During aging, motor function declines, with deficits in fine and fast movement and coordination. Experimental studies associate age-dependent motor deficits with the malfunction of dopaminergic (DA) pathway, which originates in the substantia nigra pars compacta (SNc). However we do not understand how the activity of DA neurons varies throughout aging in the different tiers of nigral neurons in vivo, what type of activity changes precede neurodegeneration, how these activity changes affect behavior, and whether restoring perturbed activity can delay neurodegeneration and/or behavioral deficits. To characterize, for the first time in the intact circuit, the function and anatomy of aging nigral dopaminergic circuits, we propose to use two powerful technological advances in neuroscience: one for cell-type specific bidirectional control of neuronal activity in vivo with high temporal precision (optogenetics);and one for intact brain circuit mapping and phenotyping, slicing-free (CLARITY). Optogenetics uses microbial opsins, light-sensitive proteins that can be expressed in specified cells via targeting promoters and turned on/off with millisecond speed, thus providing control of cell function with high spatial, temporal, and genetic specificity. Their abilty to control the electrical activity of neural circuits and confer reversible gain and loss of functin of specific neuronal phenotypes allows us to study neural systems and diseases in unprecedented manner. To target subsets of SNc DA neurons we will take advantage of the TH- Cre transgenic lines as well as localized stereotaxic opsin delivery and targeted light application We hypothesize that throughout aging, DA neurons in different SNc tiers have distinct behavioral contributions (Aim 1), which is due to differences in their intrinsic excitability (Aim ) and changes in synaptic inputs (Aim 3). This proposal combines powerful complementary techniques (optogenetics, electrophysiology, and neuroanatomy by CLARITY) to advance our understanding of dopaminergic function and contribution to behavior throughout aging by performing studies in the intact circuit. The PI has been involved in the development of both techniques and our laboratory is ideally positioned to apply these techniques to the aging brain with a focus on the DA system. A better understanding of the properties of DA neurons in the aging SNc can aid in identifying circuit targets and/or behavioral/nutritional methods to delay/reverse age-related alterations in these neurons and in motor functions.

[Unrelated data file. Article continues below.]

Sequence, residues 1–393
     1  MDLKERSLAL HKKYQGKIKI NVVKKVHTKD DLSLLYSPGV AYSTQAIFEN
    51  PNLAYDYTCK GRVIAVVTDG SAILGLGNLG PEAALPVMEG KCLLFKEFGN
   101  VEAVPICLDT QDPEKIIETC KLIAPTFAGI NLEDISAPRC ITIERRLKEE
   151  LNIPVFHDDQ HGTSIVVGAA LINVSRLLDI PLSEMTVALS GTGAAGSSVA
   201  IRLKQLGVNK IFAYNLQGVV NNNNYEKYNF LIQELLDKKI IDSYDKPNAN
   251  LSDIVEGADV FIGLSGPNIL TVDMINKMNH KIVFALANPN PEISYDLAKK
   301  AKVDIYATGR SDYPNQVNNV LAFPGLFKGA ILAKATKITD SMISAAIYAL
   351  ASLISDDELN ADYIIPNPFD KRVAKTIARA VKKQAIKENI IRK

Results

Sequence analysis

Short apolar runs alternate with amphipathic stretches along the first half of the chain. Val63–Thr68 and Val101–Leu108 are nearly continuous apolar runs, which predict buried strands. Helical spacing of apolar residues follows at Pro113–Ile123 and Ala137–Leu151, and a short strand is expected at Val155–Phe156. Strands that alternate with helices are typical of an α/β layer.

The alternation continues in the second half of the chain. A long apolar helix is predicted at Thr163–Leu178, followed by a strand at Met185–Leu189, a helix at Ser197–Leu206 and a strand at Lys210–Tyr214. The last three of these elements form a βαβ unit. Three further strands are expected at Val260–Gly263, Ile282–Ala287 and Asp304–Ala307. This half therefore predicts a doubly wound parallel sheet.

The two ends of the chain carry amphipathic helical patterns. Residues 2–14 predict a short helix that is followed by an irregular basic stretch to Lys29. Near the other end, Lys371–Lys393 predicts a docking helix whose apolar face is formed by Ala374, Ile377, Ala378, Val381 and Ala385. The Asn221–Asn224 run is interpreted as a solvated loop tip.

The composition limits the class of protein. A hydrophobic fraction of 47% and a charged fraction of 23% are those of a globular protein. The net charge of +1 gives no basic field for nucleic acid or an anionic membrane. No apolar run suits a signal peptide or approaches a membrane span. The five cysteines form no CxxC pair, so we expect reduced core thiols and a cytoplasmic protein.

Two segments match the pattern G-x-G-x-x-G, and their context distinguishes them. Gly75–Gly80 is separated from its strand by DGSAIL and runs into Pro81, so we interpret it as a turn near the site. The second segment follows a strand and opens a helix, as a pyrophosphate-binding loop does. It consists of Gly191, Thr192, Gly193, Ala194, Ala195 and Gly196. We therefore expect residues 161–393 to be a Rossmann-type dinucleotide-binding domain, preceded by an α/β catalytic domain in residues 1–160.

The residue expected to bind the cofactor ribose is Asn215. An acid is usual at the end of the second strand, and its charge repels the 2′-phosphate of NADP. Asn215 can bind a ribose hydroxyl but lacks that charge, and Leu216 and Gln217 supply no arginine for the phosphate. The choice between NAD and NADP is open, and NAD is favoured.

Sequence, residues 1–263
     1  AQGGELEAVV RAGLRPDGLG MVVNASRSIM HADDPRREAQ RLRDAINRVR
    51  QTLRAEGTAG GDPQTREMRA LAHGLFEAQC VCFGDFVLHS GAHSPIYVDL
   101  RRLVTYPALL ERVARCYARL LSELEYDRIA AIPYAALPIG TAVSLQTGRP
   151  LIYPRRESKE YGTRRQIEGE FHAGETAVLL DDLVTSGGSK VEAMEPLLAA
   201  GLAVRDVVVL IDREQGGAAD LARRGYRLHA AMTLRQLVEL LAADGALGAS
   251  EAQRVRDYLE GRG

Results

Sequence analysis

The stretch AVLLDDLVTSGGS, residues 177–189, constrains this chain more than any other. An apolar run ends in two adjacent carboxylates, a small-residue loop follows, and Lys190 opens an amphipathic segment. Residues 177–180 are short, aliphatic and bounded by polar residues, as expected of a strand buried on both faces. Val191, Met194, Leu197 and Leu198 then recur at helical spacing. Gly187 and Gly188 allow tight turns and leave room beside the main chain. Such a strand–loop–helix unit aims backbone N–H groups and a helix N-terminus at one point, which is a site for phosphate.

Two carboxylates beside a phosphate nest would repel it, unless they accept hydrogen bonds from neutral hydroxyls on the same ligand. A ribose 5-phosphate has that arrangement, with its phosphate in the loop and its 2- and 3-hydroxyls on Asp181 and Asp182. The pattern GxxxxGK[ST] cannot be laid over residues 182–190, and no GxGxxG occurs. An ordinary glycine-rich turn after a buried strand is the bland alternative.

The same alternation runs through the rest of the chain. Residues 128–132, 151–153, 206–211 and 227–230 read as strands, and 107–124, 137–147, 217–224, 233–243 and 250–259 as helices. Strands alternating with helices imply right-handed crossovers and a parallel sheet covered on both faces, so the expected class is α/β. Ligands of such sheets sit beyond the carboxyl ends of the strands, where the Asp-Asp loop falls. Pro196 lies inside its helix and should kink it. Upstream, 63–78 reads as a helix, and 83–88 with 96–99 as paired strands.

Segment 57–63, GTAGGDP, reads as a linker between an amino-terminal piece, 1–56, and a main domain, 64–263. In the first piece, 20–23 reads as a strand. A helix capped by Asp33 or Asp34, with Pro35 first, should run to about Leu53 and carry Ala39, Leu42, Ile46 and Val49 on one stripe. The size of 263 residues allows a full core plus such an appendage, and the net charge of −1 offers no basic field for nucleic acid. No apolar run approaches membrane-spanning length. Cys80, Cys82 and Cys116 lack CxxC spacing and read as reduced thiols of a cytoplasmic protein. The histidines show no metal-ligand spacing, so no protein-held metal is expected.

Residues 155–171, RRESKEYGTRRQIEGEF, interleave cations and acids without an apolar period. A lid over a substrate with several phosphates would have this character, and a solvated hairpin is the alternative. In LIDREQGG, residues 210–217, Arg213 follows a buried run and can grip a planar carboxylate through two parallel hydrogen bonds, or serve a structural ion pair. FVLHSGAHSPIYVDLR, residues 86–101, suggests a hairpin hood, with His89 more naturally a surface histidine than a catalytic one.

Brain disorders and especially age-related brain disorders take a great toll in the US and worldwide. Progress to understand the impact of aging on activity of defined brain areas and behavior has been limited by the availability of tools to investigate neuronal circuits with temporal and special specificity. We will use the optogenetics and CLARITY to advance our understanding of the neural circuit mechanisms underlying the malfunction of aging dopaminergic neurons and motor deficits in the aged.
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